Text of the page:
A new study has found that babies who are delivered through Caesarean section are twice as likely to become obese than those born traditionally.
Researchers from Boston Children’s Hospital in Massachusetts have published a study which suggests a doubling in the odds of obesity by the time the child was three years old. This has been linked to bacteria in the gut which is caused by the C-section. This could then affect the way food is digested, leading to the offspring becoming overweight.
The study is based on results collected from 1,255 pairs of mothers and children from 1999 to 2002, and has been published in the Archives of Disease in Childhood. Of the mothers surveyed, around one in four were C-section births and the remainder were vaginal deliveries.
After the results were collected, the research team found that there was a link between body mass, skin thickness and how a child was born. Additionally, they found that mothers who chose to deliver by C-section tended to be more overweight than those who delivered traditionally, and this could have affected the weight of the child.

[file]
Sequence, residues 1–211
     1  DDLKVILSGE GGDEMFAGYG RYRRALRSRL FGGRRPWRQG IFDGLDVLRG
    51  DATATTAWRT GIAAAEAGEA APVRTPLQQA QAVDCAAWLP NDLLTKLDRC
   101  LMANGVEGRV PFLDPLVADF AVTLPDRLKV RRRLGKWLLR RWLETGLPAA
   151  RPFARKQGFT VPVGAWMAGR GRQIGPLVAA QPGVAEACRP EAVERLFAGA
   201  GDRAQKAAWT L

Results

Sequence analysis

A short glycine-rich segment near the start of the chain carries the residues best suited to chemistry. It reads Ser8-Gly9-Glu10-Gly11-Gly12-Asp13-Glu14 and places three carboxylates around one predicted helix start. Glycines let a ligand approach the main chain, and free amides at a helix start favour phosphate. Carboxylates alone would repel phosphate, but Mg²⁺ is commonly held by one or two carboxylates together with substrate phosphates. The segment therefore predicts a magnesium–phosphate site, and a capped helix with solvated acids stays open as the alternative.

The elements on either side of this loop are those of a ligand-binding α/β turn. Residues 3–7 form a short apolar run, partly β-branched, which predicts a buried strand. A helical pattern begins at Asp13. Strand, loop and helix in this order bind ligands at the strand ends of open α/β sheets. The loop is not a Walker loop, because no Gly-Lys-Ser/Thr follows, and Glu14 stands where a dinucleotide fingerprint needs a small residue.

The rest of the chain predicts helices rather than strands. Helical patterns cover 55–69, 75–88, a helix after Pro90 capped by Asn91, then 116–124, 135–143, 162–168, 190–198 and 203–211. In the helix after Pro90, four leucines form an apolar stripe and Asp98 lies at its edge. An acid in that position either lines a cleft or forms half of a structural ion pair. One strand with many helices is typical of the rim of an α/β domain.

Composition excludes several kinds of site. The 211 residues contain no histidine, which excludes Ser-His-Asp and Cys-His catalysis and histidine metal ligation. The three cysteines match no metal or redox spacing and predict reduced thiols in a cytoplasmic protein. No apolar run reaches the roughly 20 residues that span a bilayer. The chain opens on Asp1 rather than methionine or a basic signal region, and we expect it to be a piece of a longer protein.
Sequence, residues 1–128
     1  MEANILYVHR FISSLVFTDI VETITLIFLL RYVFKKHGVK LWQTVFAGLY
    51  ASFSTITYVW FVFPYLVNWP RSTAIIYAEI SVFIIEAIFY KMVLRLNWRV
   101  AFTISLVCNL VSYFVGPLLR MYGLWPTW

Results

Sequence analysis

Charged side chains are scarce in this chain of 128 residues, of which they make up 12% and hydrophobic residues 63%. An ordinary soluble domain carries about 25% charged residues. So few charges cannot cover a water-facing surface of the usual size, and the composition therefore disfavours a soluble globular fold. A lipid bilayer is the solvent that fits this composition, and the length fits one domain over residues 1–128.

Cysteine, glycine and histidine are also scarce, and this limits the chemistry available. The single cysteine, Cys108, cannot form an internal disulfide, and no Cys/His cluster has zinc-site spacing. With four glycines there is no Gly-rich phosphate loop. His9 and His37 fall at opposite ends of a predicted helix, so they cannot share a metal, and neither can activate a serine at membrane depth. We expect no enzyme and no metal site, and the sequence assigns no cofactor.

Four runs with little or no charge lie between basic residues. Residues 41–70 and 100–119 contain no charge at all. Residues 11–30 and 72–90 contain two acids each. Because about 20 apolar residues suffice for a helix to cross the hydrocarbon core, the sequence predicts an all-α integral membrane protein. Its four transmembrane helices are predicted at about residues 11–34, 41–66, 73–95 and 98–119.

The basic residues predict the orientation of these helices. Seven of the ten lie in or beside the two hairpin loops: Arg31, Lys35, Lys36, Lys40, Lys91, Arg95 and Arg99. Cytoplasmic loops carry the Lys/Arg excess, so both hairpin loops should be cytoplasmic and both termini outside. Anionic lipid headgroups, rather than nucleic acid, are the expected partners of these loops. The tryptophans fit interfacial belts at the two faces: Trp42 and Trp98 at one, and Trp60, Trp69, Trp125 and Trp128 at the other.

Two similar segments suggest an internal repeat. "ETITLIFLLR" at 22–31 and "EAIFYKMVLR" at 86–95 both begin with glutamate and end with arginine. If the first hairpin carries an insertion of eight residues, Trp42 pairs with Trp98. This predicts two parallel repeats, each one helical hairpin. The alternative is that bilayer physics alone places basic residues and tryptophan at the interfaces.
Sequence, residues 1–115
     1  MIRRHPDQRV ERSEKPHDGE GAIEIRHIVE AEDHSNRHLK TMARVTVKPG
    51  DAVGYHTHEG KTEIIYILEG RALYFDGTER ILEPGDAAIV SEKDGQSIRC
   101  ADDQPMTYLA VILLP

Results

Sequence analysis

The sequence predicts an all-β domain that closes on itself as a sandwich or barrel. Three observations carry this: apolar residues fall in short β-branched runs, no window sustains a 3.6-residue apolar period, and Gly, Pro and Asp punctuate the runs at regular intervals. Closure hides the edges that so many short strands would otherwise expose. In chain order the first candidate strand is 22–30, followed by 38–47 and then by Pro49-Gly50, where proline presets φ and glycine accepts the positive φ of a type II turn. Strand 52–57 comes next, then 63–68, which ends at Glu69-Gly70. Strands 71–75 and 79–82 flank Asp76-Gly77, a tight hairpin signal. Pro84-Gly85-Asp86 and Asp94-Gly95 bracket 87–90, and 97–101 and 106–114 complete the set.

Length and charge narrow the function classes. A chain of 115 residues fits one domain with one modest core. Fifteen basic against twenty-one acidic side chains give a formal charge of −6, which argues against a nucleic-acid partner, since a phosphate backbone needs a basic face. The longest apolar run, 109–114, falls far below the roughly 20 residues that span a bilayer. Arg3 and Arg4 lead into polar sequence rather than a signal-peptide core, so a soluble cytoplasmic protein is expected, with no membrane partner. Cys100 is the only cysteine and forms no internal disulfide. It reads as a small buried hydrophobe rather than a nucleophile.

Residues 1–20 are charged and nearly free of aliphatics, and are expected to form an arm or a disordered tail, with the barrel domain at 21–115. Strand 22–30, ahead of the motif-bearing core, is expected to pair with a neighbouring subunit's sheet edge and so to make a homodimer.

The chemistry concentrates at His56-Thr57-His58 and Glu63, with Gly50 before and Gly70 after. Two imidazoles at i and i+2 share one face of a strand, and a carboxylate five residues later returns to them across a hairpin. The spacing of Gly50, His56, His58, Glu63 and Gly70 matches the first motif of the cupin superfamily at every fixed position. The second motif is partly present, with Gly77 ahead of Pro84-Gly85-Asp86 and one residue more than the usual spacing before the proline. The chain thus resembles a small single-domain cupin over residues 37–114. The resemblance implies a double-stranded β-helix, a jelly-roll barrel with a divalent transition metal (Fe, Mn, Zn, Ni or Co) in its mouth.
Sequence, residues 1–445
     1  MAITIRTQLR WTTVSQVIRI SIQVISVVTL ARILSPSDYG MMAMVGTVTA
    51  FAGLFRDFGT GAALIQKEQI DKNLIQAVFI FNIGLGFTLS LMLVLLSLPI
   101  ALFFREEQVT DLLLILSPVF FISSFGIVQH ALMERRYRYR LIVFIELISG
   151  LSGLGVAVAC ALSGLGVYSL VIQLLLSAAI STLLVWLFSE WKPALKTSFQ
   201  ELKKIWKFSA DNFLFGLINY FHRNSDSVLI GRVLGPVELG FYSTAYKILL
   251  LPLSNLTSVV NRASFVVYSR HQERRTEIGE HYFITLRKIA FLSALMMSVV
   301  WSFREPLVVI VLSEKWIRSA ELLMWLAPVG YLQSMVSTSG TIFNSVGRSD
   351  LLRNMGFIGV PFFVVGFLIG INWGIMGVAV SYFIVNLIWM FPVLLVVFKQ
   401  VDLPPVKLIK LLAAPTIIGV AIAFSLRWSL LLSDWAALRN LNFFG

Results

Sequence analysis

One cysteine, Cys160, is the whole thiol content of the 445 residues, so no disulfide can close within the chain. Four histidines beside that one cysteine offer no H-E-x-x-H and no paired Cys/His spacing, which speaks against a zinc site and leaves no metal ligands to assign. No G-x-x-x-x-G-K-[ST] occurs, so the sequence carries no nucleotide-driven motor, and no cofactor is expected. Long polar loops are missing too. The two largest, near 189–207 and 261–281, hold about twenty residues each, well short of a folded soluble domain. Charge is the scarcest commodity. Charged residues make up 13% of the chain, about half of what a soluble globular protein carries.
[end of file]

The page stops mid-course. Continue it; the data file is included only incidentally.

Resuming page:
But the researchers hypothesised another explanation, which was that a difference in the composition of gut bacteria acquired at birth could be a causal factor of obesity. They found significant differences in the gut bacteria between C-section and traditional methods.
If these results are found to be correct, the researchers have proposed that expectant mothers should be advised on the potential side effects of a caesarean before undergoing with the procedure. At the moment, only 23 per cent of births in the UK are delivered by C-section.
Patrick O’Brien, a spokesman for the Royal College of Obstetricians and Gynaecologists, said: “This is an interesting study, but small. It needs to be replicated in a bigger sample.”